Danilo had to move carefully in the Quilombolas communities, because their history of marginalization has caused violence and danger. Before being able to interview some of the members, he had to build trust with them. “Many family members are in jail, or some family members are dead, so you have this very sensitive topic about cannabis that people do not want to talk about”, Danilo explains. Anyway, once they understood that Danilo was not a cop, that he would not create problems to them, they collaborated. But still some questions were so sensitive for them, that they refused to be recorded, and Danilo respected their choice, even though he ended up having a lot of information off record that he could not use. This made the analysis of the data very challenging.
I was told this episode occurred to Danilo during the trust-building phase where he spent a lot of time with them just doing when they did. That day he went fishing with them, and after cooking and doing the dishes he stayed over for the night. The next morning, he noticed blood stains on the doorsteps which made him worried that it could be a sign of unwelcome. He was told that the blood belonged to a dog with an injured paw who had slept on the doorsteps, but the explanation did not dissolve his concern.
The government can make a difference as well as changing the management
Those communities were able to decrease their dependency from the narcotic traffic thanks to the governmental programs for agricultural development and public policies such as “Zero Hunger” which include “Bolsa Família”. The latter is a government program introduced in 2003. It provides that low income families receive cash transfer “on the condition that they, for example, send their children to school and ensure they are properly vaccinated”. This helped the Quilombolas to be food secure, but on the other hand, it made them highly dependent from the governmental grant. And this turns out to be a risk especially nowadays, as, Danilo tells me, “governmental programs are facing budget cuts, result of the neoliberal ecocide-agenda”.
That is why Danilo’s research conclusion is to apply a different management on the same crops to produce instead seeds, leaves and fibres, and that the state is key to lead to the transition from narcotic to industrial hemp. In fact, the state could start a cooperation with the communities to produce food or construction material if they would suggest them other uses of hemp. “It was funny to know that they did not have the idea that the plant could be used in other ways, they never thought to use the leaves to feed the goats, or harvesting the seeds creating oil. For them it was for narcotic use”, Danilo tells me. And indeed, from the interviews it emerged clearly that the communities are not interested in growing cannabis because of all the troubles they have. But they do so mainly when no land-water is available and/or crop failure occurs. Therefore, the members interviewed, stated that they were willing to shift to hemp if this is legal.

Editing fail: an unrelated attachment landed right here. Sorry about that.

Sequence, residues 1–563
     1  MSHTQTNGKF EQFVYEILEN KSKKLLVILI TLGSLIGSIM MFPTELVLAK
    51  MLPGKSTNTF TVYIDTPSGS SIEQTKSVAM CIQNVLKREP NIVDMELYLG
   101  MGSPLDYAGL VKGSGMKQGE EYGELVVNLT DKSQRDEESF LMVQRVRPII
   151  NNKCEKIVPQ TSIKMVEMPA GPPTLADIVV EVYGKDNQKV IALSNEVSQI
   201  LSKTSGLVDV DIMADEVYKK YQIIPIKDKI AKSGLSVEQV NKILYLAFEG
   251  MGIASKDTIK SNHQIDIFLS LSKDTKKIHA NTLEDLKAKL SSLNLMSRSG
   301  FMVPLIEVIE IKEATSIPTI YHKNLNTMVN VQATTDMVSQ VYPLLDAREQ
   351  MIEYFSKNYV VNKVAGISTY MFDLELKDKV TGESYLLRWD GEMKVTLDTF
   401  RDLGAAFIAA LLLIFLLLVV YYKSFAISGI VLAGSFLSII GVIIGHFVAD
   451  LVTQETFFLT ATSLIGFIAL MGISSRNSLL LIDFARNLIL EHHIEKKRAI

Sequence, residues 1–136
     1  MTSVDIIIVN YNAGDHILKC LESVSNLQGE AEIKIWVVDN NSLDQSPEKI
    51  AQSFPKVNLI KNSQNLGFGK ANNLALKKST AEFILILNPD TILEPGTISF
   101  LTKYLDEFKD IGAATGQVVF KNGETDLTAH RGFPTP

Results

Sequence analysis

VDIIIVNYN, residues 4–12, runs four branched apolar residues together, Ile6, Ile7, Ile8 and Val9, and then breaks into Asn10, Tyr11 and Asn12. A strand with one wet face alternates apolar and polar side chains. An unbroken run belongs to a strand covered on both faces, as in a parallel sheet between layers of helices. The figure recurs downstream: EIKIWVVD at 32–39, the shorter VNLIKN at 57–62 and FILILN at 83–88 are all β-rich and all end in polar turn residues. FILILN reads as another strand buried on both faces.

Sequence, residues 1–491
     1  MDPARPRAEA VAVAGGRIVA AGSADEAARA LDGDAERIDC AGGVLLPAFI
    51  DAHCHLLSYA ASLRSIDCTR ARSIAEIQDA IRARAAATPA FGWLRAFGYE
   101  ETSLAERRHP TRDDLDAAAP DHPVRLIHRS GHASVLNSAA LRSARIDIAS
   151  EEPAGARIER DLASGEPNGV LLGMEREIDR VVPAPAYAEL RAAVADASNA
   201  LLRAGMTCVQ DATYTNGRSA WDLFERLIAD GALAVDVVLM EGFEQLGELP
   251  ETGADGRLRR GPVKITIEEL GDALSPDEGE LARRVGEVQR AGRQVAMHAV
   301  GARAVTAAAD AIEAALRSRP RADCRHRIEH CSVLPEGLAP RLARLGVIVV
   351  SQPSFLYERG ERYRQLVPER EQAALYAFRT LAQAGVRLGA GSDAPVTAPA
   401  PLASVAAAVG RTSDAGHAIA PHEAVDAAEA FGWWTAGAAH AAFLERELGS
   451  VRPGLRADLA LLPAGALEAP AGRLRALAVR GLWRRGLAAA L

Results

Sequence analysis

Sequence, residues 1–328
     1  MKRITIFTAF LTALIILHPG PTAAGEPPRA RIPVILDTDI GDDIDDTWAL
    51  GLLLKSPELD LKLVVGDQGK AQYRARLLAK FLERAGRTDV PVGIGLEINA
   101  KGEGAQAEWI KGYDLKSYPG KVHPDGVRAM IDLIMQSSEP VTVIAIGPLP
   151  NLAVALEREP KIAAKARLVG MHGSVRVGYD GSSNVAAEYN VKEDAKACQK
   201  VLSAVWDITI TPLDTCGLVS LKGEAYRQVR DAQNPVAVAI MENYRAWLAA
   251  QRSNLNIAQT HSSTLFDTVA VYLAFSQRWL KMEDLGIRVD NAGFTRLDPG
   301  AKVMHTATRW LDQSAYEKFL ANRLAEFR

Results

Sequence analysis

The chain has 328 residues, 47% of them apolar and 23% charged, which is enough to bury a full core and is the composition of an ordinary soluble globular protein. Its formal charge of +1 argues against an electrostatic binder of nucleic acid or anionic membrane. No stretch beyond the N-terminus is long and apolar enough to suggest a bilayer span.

Planning to be part of the government
In November, Danilo started his PhD in Hohenheim, which came as a follow-up to his master thesis. The topic will be more into nature science than social sciences, since he will investigate the performance of cannabis for medicinal use in collaboration with the institute of crop sciences. He has not lost interest in the social aspect, and after the PhD he sees himself working with the development of marginalised, food insecure threatened communities. He states: “it is not so clear what my path will be, but I would like to go to the government so that I really have the chance to have an impact. I saw that the governmental program that was applied changed the life of those people, and then I could have bigger amount of resources and possibilities to have an impact”.
He also mentions that he is willing to be part of the Brazilian government in order to have a positive impact on the corruption and bad management still present. I asked Danilo if he thinks that his PhD results could positively affect the Quilombolas communities, or any other community that rely on cannabis to subsistence. He hopes so, especially after having witnessed the ignorance of the Quilombolas about other uses of the cannabis plant and how their life could change in shifting to hemp crop. Even though the experiment will be carried out indoor and outdoor in Germany, a country he really likes for the open-minded education system, for the many opportunities of collaboration that there are and for the very low university fees, the findings can be applied also in other countries.
Dori Zantedeschi is a Master student of Environmental Science in Europe, University of Copenhagen